Unexpected guest on my balcony

August 19th, 2013         4 comments

This bat proved he isn't defenseless when prone on the ground

The bat settled down once he could hang upside down on an old boardThis Big Brown Bat could make an effort to devour more mosquitoes on my balcony. This is no time for my house guest to be a slacker.

When I dislodged him from his daytime roost on the frame of my doorwall, he belly-flopped onto the old wooden deck and rudely bared his teeth. As if that wasn’t enough to keep me at a distance, he leaped upward from his prone position (above, click it to see his full wingspan) and scared the bejeebers out of me. I’m glad I was out of range. Rabies shots aren’t on my bucket list. I didn’t know bats could do that.Its teeth may be white and beautiful, but I don't want to get too close to them

He brought two guests with him on his visit, blood sucking Bat Bugs! Hope he took them with him when he left since they can bite humans. Horrors of horrors, they are related to Bed Bugs. Before I left him to climb higher on my building so he could swoop into the air after dark, he allowed me photographic priviledges. I have a great photo of him hanging upside down on a special page where you can virtually pet him. Don’t miss it! You might want to share it with friends.

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§ 4 Responses to "Unexpected guest on my balcony"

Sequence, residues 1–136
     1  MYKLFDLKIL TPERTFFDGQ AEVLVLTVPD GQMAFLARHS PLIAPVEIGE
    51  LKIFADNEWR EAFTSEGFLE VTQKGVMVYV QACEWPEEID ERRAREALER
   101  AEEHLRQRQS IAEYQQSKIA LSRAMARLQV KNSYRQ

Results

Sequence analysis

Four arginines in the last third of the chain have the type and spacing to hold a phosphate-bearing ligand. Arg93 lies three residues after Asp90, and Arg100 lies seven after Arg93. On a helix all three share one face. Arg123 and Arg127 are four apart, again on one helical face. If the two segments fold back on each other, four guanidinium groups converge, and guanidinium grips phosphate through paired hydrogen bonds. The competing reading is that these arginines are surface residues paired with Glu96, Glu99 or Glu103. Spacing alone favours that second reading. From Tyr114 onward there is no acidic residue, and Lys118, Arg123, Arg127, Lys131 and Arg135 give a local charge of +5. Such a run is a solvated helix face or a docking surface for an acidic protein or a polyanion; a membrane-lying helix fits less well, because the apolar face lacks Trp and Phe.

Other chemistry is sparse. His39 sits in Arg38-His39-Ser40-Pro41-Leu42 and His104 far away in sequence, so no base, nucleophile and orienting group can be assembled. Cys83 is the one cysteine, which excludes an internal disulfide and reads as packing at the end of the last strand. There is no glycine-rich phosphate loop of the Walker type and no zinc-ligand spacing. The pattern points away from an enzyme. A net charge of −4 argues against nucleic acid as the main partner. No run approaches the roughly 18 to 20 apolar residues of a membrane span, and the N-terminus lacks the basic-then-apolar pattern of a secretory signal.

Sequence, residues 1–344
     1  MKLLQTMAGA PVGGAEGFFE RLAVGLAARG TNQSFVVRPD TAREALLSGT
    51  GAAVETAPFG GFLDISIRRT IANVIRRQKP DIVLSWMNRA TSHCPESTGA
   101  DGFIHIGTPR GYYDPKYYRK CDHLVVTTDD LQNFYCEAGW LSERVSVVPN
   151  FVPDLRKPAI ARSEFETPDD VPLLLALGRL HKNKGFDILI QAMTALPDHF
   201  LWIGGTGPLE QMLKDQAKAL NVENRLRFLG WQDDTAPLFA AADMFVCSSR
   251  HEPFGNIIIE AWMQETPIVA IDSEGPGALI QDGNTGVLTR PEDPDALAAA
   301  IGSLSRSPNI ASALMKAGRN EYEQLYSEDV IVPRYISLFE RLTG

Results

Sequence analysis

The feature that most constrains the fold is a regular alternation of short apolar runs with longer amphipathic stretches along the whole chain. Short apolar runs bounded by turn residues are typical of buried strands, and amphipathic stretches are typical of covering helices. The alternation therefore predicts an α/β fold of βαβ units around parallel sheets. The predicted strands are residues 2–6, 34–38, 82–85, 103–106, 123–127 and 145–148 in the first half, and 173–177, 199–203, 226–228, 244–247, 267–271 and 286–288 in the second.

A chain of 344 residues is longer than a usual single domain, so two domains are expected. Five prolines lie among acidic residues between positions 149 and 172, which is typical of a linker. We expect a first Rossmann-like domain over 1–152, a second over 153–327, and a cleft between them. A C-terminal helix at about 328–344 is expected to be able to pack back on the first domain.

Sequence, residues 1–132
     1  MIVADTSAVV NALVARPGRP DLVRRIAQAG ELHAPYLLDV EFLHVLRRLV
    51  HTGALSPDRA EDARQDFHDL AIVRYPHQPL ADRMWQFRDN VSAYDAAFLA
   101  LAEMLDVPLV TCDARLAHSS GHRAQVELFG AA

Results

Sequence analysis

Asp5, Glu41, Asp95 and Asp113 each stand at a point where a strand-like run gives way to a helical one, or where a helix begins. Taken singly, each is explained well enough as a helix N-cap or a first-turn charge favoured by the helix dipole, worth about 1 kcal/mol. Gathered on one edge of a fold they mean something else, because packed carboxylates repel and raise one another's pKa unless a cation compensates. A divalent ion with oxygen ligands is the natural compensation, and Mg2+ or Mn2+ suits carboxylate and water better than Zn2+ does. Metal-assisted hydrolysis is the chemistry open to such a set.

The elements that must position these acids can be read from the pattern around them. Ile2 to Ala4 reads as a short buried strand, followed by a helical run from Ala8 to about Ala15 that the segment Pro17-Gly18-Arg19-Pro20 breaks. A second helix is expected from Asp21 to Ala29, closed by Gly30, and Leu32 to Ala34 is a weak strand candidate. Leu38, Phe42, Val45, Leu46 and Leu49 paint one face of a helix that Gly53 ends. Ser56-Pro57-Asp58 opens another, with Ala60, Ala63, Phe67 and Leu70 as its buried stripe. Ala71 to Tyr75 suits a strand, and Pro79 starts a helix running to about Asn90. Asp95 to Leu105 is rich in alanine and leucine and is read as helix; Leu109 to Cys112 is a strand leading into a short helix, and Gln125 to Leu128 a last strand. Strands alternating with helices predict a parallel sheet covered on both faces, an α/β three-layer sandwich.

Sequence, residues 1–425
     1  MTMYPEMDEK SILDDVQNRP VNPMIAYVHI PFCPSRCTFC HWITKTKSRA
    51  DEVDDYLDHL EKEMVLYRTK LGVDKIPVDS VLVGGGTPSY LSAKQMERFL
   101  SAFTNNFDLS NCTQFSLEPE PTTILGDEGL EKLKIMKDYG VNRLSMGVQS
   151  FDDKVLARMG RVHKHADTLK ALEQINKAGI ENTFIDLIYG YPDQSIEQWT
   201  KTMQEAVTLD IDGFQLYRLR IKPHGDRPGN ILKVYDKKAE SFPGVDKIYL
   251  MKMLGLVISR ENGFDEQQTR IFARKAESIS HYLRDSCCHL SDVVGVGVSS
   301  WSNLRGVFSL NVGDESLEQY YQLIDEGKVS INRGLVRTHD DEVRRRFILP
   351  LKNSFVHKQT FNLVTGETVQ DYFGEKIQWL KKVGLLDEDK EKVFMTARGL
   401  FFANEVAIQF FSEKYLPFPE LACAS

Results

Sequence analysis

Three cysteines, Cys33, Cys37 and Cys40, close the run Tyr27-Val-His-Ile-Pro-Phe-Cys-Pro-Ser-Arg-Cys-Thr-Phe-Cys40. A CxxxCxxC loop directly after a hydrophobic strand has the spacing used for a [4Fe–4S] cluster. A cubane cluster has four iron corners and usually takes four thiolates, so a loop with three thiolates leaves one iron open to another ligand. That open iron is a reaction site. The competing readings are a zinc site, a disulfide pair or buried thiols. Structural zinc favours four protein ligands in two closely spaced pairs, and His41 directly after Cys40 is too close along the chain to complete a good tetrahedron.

• Denise says:

    Holy batbugs Batman! Glad you weren’t bit.

  • DougPete says:

    Joyce Schuelke, owner of Wildernest in Brighton, corrected me on the identification of this bat. I said it was a Little Brown Bat, but she says it’s a Big Brown Bat. She knows much more than I do so I’ve revised this post to correct it. Incidentally, this isn’t about the bat’s physical dimensions; it’s the species the name identifies. Big Brown Bats may be smaller than Little Brown Bats in some cases. That’s just to keep us all confused. I’m good at obfuscation. It’s a gift.

  • Wow! That’s quite the experience, and an unusual photo opp! Interesting images for sure. Glad you avoided those teeth and the bugs.

  • INTOWILD says:

    Big brown bats are rarely smaller than little brown bats.

    Your post hinted at a common myth about bats “carrying” rabies while only 1-2% of bats are infected and generally they die within a few days of symptom onset. You also mentioned rabies shots. They are no different than any other vaccine these days – you just get more doses over a period of 21 days. No big deal.

    If you woke me up from my sleeping place and flung me to the ground where I had a hard time taking off, I would show you my teeth too!

    Bats are so beneficial to humans – not scary monsters at all – we need to dispel these myths and prevent unnecessary killing of bat species for our own sake if not for theirs.

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